More of Your Real Estate Questions Answered



Question: My mortgage broker tells me there are many mortgage options. How do I know which to choose?

Answer: In recent years there has been an explosion in the number of mortgage types available. You must work with a lender or mortgage broker to determine the loan that is best for you; however, there are some general pointers to keep in mind. Loans come in many varieties: fixed rates (for 15, 30 or sometimes now 40 years) or adjustable, where the rate is often low for a few years then can change, going up or down. If you choose an adjustable loan, be sure that you can afford to make payments if the interest rate rises. One popular loan these days is the interest-only loan, where you defer payment of your principal for a set period of time. Do know, however, that when that period expires, you typically will pay both the regular and the deferred principal, upping your monthly fee substantially. Some lenders tell you you do not need to put up any money to get the loan; this may be true, but in my experience, underwriters sometimes balk at these deals, and your closing could be in jeopardy, which is why I often tell my seller clients to beware of buyers with little cash. Watch, too, for prepayment penalties in your prospective loan; if you have one and refinance your home (and in some cases, even sell it), you will have to pay a hefty surcharge to the lender. Finally, lenders vary widely in their fees and closing costs. Ask any lender for a “good faith estimate” before you sign on, which will document their expected charges.

Question: My wife and I moved to Florida and bought a home in November. I heard we are eligible for a Homestead exemption. How do we get one?

Answer: Homestead exemptions are a reduction in your property taxes for a primary residence. If you bought your home in 2013, you must file for an exemption by March 1, 2014. To qualify, you will need a Florida driver’s license with your new address, plus other documents. For details, check out the Broward County Property Appraiser’s office at You can also call them at 954-357-6830, but it is often difficult to get through.

Question: I fell behind in my maintenance payments and found a person willing to lend me the money in a complex transaction. Now that person says he owns my house. I think I have been the victim of a scam.

Answer: There are a number of scams out there that homeowners must be wary of, or you can indeed lose your house even if you owe only a relatively small amount of money. In one scam, the “lender” agrees to pay your back maintenance and current monthly mortgage and fees for a certain time-period if you write the monthly check to them by a specific date each month. Miss that date even by a minute, and they take the title to your house that they are holding as collateral for the loan. If you are indeed behind on your monthly maintenance payments, try to work out a plan with your association or contact only a reputable lender.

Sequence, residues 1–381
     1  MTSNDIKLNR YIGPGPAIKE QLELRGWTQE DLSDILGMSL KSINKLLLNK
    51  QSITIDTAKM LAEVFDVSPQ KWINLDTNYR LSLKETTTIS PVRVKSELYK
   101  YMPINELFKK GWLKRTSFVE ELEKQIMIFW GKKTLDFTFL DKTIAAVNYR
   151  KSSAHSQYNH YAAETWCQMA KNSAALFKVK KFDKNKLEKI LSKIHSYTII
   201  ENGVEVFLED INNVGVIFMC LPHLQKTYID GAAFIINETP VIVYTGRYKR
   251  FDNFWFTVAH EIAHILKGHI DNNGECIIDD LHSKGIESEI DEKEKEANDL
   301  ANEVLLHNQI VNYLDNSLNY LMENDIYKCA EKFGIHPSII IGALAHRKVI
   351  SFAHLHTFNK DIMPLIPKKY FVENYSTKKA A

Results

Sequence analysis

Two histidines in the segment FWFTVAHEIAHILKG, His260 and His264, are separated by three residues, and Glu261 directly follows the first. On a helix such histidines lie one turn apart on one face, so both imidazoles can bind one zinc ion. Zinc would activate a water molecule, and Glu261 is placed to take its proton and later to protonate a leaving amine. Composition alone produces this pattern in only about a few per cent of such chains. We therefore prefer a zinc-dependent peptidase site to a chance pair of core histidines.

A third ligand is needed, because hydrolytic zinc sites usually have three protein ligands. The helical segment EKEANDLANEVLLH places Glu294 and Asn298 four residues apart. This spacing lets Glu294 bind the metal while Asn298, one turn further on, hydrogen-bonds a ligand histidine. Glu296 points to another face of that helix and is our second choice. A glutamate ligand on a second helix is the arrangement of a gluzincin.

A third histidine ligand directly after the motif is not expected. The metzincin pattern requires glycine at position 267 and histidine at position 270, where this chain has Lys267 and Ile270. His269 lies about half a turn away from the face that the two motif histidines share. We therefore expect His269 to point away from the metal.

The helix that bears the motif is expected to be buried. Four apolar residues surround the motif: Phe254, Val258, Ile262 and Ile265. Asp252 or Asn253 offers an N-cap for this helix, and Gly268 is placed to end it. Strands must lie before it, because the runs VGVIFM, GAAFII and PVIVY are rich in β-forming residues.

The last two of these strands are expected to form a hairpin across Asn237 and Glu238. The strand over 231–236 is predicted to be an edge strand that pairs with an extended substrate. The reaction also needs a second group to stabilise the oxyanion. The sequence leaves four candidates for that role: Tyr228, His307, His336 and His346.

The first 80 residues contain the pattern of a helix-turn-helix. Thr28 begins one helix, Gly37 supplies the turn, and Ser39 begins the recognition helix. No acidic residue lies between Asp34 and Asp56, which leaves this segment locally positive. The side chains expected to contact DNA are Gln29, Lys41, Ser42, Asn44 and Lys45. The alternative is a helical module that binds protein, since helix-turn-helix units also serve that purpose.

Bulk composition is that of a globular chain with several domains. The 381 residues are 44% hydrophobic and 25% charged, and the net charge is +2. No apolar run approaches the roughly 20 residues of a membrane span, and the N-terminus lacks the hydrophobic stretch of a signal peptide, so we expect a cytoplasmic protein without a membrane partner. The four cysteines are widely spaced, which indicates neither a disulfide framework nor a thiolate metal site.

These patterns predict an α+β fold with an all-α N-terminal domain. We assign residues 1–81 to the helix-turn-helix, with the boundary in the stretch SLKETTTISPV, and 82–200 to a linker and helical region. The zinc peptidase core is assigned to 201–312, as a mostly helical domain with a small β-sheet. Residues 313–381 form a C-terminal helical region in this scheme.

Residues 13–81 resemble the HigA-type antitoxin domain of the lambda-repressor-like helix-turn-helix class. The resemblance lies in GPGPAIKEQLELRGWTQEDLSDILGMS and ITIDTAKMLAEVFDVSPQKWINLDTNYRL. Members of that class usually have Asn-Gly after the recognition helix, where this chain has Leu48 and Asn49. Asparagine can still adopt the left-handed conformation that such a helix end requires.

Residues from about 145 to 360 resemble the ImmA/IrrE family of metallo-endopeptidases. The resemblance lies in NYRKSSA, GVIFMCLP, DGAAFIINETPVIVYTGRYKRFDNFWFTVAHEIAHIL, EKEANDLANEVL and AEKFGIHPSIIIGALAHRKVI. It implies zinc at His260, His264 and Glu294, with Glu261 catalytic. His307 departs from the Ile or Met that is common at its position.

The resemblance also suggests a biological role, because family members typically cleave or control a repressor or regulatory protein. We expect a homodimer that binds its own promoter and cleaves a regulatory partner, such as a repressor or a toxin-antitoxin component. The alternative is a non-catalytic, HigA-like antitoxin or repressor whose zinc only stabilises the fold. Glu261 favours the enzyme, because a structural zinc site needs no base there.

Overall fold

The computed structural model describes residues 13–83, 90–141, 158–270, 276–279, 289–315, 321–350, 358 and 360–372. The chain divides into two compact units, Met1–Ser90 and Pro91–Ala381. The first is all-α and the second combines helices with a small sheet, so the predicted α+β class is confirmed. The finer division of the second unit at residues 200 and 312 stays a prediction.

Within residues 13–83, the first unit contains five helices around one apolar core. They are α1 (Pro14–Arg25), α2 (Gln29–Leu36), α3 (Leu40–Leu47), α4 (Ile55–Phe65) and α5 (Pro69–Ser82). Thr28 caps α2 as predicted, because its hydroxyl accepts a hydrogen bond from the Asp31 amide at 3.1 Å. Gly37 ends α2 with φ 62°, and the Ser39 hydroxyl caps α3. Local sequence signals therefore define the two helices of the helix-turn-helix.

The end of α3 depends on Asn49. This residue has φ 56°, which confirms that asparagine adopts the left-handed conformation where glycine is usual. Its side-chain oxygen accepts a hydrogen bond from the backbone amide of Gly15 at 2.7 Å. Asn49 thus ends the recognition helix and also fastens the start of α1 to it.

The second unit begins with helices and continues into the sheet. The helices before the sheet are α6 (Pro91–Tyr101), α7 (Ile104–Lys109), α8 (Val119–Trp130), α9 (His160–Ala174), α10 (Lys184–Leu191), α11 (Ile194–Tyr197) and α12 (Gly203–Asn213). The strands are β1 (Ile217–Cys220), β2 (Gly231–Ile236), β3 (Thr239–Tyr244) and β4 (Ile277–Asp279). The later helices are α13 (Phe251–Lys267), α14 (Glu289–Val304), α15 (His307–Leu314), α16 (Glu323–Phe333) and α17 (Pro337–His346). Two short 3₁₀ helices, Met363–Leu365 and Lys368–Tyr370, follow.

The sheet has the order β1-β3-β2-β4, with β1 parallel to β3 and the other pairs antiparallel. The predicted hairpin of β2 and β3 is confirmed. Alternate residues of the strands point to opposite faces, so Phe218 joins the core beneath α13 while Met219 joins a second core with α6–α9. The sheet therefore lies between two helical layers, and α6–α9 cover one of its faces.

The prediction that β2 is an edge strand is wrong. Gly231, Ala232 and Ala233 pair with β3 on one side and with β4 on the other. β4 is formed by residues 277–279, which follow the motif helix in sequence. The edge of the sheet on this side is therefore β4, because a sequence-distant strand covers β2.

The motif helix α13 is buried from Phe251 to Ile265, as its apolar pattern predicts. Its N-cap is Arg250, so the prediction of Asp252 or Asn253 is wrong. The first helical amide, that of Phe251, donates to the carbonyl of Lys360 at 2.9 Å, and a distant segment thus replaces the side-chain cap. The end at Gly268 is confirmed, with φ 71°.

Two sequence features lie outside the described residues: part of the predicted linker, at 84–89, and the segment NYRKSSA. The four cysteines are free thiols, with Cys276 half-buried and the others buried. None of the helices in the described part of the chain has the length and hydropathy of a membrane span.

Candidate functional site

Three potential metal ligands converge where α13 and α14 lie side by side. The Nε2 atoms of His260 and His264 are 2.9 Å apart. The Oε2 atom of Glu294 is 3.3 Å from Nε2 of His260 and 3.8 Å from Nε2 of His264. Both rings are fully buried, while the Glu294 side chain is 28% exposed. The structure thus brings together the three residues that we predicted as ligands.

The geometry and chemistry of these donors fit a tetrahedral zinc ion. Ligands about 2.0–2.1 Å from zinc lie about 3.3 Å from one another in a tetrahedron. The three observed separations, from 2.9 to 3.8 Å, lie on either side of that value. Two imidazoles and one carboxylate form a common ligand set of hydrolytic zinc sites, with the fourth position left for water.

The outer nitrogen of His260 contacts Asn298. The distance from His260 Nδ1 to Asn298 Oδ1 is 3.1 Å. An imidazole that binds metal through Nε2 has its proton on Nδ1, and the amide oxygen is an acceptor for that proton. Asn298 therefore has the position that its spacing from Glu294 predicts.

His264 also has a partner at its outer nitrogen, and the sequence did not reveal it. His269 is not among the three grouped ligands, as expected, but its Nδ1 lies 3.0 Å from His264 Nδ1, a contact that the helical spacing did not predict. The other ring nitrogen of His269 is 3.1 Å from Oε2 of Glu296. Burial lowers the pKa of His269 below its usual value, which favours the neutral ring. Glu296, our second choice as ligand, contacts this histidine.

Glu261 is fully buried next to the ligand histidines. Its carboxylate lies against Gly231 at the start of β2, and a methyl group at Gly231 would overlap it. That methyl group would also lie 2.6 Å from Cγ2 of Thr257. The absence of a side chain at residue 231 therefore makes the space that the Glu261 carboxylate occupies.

Homesteaded property enjoys a complicated and confusing status under Florida probate law.  It isn’t a probate asset, but to get its special non-estate status, it has to be certified as such by a probate judge.  In other words, the only way to keep it out of probate is to take it there first, unless the owner takes the necessary action while alive to avoid probate.


Once someone decides to make an asset their homestead, the homestead laws can supersede what someone puts in his will. For instance if a person wants to leave his homestead to his girlfriend, that bequest won’t work if he’s still married at the time of his death. If a decedent is married, his spouse will have rights to the property until she dies, even if she is excluded from the will. She will have the right to choose between a life estate in the property and, in some cases, a 50 percent interest in the property even if she isn’t on the property’s title.  Furthermore, the decedent’s descendants also get rights to the homesteaded property.

 An example of how this probate/non-probate status of homestead property works is as follows:

 Ted Testator has a homestead condominium that he leaves to his 3 adult sons, Danny, Martin, and Joe in his will.  Ted dies and then Joe moves into the condo.  He doesn’t give his brothers access and won’t pay any of the carrying charges.  Even though a probate estate has been opened, the Probate Court won’t have the authority to hear this case.  A separate action must be brought in the Circuit Court, if the brothers want Joe out or want to sell the property.

 While the Probate Court cannot decide Joe’s fate, the Probate Judge can declare a property “homestead.”

While homesteaded properties are still subject to liens directly placed against them, like taxes and mortgages, they enjoy protection from other creditors.  As such, a homestead usually cannot be sold to meet other obligations of the estate. This protection can shelter the home’s equity for the heirs of the decedent, whoever they might be.

Ultimately, Florida’s laws dealing with homesteads and with transferring the property of deceased parties are extremely complicated and nuanced.  Given that most people do not have to deal with them on a regular basis, the help of an experienced estate attorney can be valuable.  An experienced attorney can manage these complexities and ensure that the family’s rights are protected throughout the process.